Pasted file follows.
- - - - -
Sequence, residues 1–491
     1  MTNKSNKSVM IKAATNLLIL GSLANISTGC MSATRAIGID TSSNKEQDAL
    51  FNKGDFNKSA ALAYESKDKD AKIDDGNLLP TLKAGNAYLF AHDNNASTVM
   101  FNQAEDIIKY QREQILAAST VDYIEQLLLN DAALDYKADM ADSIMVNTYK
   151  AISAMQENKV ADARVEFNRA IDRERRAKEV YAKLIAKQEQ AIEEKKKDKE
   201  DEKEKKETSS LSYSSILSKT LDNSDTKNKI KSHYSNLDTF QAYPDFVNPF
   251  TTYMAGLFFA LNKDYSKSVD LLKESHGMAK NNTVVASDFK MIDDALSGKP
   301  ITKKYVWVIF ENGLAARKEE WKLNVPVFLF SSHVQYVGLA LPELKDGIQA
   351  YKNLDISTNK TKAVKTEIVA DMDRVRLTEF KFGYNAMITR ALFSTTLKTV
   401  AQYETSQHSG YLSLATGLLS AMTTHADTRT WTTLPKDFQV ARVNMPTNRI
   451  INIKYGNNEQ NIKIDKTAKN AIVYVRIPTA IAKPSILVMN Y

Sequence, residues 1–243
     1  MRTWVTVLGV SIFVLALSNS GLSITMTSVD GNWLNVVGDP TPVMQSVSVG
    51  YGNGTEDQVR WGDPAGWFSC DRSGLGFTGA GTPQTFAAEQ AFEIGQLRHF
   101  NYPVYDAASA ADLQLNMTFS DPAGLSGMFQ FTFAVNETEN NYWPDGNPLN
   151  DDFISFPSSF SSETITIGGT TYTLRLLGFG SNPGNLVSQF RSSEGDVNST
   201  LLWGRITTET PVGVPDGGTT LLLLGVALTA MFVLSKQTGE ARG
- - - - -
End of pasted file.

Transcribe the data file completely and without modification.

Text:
Sequence, residues 1–491
     1  MTNKSNKSVM IKAATNLLIL GSLANISTGC MSATRAIGID TSSNKEQDAL
    51  FNKGDFNKSA ALAYESKDKD AKIDDGNLLP TLKAGNAYLF AHDNNASTVM
   101  FNQAEDIIKY QREQILAAST VDYIEQLLLN DAALDYKADM ADSIMVNTYK
   151  AISAMQENKV ADARVEFNRA IDRERRAKEV YAKLIAKQEQ AIEEKKKDKE
   201  DEKEKKETSS LSYSSILSKT LDNSDTKNKI KSHYSNLDTF QAYPDFVNPF
   251  TTYMAGLFFA LNKDYSKSVD LLKESHGMAK NNTVVASDFK MIDDALSGKP
   301  ITKKYVWVIF ENGLAARKEE WKLNVPVFLF SSHVQYVGLA LPELKDGIQA
   351  YKNLDISTNK TKAVKTEIVA DMDRVRLTEF KFGYNAMITR ALFSTTLKTV
   401  AQYETSQHSG YLSLATGLLS AMTTHADTRT WTTLPKDFQV ARVNMPTNRI
   451  INIKYGNNEQ NIKIDKTAKN AIVYVRIPTA IAKPSILVMN Y

Sequence, residues 1–243
     1  MRTWVTVLGV SIFVLALSNS GLSITMTSVD GNWLNVVGDP TPVMQSVSVG
    51  YGNGTEDQVR WGDPAGWFSC DRSGLGFTGA GTPQTFAAEQ AFEIGQLRHF
   101  NYPVYDAASA ADLQLNMTFS DPAGLSGMFQ FTFAVNETEN NYWPDGNPLN
   151  DDFISFPSSF SSETITIGGT TYTLRLLGFG SNPGNLVSQF RSSEGDVNST
   201  LLWGRITTET PVGVPDGGTT LLLLGVALTA MFVLSKQTGE ARG